In a recent paper, Hila Gonen and Yoav Goldberg argue that methods for de-biasing language models aren’t effective; they make bias less apparent, but don’t actually remove it. De-biasing might even make bias more dangerous by hiding it, rather than leaving it out in the open. The toughest problems are often the ones you only think you’ve solved.
Language models are based on “word embeddings,” which are essentially lists of word combinations derived from human language. There are some techniques for removing bias from word embeddings. I won’t go into them in detail, but for the sake of argument, imagine taking the texts of every English language newspaper and replacing “he,” “she,” and other gender-specific words with “they” or “them.” (Real techniques are more sophisticated, of course.) What Gonen and Goldberg show is that words still cluster the same way: stereotypically female professions still turn up as closely related (their example is nurse, caregiver, receptionist, and teacher).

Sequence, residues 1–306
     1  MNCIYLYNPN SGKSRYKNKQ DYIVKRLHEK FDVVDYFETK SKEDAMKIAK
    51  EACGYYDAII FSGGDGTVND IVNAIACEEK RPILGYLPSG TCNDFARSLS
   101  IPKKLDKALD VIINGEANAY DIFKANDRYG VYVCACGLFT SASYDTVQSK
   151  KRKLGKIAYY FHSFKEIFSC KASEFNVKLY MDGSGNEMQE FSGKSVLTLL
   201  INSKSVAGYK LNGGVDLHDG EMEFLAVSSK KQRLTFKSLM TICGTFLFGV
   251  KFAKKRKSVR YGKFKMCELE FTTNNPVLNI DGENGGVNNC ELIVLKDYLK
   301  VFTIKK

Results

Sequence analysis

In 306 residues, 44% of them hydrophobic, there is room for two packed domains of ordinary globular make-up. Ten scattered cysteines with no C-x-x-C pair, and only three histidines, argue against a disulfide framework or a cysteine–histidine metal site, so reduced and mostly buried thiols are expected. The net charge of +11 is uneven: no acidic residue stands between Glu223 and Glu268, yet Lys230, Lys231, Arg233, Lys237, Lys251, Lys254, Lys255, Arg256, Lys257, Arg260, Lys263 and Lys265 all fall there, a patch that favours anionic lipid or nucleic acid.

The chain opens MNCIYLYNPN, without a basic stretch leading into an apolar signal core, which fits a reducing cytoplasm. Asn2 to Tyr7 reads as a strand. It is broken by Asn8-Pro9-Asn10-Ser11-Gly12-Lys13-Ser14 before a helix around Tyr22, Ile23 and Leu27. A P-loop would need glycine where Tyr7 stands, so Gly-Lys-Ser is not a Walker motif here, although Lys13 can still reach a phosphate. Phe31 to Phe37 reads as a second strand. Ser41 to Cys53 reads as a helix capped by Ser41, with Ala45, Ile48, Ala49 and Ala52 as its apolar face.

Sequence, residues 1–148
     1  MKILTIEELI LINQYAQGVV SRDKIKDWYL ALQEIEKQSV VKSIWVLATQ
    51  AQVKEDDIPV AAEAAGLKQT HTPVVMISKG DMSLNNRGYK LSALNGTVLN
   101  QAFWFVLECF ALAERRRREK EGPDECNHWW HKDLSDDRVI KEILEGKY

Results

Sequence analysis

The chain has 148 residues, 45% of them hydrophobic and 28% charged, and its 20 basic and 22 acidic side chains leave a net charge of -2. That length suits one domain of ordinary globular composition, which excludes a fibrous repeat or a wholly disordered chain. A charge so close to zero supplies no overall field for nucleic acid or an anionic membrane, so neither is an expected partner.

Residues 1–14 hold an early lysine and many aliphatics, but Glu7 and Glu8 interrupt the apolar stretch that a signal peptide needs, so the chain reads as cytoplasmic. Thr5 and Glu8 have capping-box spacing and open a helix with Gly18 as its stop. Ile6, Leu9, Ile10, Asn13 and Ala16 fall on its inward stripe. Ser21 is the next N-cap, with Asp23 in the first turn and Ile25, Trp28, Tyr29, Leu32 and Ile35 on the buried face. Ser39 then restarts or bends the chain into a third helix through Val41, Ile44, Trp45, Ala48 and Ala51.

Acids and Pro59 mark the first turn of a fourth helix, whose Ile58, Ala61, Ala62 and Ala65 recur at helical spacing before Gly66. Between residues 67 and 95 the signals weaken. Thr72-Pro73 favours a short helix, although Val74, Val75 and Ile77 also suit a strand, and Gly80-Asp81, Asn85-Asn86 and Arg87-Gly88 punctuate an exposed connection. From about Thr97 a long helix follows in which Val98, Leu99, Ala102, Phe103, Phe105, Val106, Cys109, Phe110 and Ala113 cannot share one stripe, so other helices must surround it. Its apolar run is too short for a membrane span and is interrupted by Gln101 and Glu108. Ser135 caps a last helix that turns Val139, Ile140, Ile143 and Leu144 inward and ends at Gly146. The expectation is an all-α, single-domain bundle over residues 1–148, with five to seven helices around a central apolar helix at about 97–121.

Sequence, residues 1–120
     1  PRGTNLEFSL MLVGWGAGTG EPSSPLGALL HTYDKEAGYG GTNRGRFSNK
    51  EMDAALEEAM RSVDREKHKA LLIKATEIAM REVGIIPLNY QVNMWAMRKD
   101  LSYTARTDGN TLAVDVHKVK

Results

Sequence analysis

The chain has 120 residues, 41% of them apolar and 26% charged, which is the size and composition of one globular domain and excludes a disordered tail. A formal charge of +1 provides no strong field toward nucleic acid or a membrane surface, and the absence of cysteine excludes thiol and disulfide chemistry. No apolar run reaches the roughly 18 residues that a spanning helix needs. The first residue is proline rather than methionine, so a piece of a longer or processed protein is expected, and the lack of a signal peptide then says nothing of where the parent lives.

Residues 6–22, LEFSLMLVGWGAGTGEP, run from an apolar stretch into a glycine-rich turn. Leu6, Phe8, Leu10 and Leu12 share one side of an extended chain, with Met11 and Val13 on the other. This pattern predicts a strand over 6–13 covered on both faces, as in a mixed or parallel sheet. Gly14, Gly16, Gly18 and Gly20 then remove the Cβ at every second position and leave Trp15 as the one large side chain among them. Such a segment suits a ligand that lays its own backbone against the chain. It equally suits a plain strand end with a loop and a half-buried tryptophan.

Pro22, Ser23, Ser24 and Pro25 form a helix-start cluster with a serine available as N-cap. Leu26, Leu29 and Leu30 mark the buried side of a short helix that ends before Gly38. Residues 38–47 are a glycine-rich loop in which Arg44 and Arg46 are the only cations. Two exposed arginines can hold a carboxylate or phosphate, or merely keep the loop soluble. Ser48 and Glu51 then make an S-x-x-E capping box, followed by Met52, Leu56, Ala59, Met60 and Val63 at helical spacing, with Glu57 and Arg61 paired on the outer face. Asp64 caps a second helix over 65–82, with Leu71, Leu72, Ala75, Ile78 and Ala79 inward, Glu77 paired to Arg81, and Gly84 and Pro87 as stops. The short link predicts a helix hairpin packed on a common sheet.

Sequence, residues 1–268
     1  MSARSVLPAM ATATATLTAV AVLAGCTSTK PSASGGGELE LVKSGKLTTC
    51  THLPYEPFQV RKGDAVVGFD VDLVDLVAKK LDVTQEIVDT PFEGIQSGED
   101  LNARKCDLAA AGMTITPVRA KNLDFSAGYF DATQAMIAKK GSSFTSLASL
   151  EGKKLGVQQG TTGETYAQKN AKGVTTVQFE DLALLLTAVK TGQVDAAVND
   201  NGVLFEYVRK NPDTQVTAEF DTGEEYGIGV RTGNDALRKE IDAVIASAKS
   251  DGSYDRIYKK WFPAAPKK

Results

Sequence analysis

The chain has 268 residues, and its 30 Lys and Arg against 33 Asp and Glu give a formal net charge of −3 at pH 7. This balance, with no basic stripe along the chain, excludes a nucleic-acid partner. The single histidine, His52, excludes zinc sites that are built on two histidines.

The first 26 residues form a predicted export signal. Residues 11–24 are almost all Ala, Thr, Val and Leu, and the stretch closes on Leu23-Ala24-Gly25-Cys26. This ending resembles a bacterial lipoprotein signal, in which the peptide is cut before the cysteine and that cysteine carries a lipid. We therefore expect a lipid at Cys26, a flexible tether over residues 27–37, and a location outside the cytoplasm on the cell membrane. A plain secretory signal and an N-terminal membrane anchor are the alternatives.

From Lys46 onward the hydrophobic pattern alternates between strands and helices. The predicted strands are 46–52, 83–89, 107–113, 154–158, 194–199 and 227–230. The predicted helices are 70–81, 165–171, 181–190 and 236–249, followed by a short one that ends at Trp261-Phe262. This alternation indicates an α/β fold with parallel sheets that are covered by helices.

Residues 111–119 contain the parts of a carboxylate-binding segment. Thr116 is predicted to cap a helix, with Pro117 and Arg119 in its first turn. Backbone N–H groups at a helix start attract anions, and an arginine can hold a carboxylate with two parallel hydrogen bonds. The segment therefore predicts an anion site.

I’m not at all surprised at the result. Stereotypes go deeper than pronouns and other obvious indications of gender, and are deeply embedded in the way we use language. Do nurse, teacher, and caregiver cluster together because they’re all about “caring,” and do traditionally masculine professions cluster differently? I suspect the connections are much more complex, but something along those lines is probably happening. It’s not a problem if “caring” professions cluster together—but what about the connections between these words and other words?
Gonen and Goldberg point out that explicit male/female associations aren’t really the issue: “algorithmic discrimination is more likely to happen by associating one implicitly gendered term with other implicitly gendered terms, or by picking up on gender-specific regularities in the corpus by learning to condition on gender-biased words, and generalizing to other gender-biased words (i.e., a resume classifier that will learn to favor male over female candidates based on stereotypical cues in an existing—and biased—resume data set, despite being “oblivious” to gender).” That is, an AI that screens job applications for a “programming” position could be biased against women without knowing anything explicit about gender; it would just know that “programmer” clusters with certain words that happen to appear more often in resumes that come from men.